Grootes concludes: “Perhaps the biggest lesson, that we kind of all know and sort of ignore, is that our country has simply not changed enough over the last 20 years. It is simply not good enough that we still send thousands of unskilled black people under the ground, knowing that if they break their bodies for 20 years they will still be in the same desperate position afterwards. It’s also not good enough that the communities they come from are probably poorer now than they were 50 years ago. It is often claimed that apartheid is over. Not for these miners; they live it every day. We have to end it for them too.”
Gillian Schutte and Sipho Singiswa reported first hand of the sense of euphoria among the striking miners and their families. They are filmmakers and social justice activists who work at Media for Justice. They wrote:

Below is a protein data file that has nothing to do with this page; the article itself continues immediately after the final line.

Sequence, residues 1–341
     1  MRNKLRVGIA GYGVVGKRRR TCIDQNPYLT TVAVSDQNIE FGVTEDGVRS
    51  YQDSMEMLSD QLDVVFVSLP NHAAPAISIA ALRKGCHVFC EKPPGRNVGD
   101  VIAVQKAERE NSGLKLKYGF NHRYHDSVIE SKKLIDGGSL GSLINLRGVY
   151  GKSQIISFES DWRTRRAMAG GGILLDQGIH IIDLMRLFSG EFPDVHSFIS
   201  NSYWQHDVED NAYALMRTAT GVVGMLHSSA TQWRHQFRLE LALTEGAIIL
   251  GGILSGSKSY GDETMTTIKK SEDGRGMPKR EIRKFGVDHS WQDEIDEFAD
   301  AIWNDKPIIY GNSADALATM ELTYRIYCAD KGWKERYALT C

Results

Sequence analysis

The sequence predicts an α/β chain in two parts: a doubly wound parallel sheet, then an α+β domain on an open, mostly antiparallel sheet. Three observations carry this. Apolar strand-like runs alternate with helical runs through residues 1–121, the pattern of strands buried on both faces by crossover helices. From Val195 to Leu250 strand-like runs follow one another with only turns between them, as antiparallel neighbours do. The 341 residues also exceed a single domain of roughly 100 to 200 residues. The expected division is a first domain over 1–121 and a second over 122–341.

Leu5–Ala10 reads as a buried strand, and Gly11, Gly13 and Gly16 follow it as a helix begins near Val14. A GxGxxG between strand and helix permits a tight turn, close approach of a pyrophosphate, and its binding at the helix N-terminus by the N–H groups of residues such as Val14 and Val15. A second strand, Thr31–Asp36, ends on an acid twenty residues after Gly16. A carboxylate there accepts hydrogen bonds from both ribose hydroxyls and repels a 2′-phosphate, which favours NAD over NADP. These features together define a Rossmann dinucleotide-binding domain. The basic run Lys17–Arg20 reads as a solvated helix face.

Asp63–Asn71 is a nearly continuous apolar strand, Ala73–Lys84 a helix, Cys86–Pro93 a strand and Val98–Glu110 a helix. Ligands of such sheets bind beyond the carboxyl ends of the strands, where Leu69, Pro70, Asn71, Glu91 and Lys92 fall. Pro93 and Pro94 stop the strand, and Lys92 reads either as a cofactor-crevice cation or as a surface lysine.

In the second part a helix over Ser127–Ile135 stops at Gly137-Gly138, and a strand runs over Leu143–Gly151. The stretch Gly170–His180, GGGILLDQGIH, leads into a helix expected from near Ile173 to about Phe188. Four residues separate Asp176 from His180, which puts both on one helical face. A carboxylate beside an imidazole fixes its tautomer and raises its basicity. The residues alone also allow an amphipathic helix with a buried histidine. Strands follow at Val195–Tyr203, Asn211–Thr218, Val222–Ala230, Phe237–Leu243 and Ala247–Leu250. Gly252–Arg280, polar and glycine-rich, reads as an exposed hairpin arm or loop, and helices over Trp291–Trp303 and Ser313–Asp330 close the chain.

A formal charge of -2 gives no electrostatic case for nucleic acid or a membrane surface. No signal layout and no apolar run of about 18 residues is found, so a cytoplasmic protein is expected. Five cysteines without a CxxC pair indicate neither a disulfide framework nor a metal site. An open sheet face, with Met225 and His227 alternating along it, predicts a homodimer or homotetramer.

“The stadium in Phokeng outside Rustenberg exploded in jubilation when the end of the longest strike in South African history was announced on June 23. Men and women waved their arms victoriously in the air and resounding ululations and cheering reverberated as a great burden of domestic hardship lifted. Workers had changed history. They had valiantly resisted the dogged state and corporate attempt to smash their strike despite the personal hardships that they had to endure to reach this point. It was they who dealt a blow to capital because it was they who held out determinedly and who accumulated five months of unpaid accounts, became black listed, kept their kids out of schools through necessity and went without food. They are indeed, the central heroes in this story.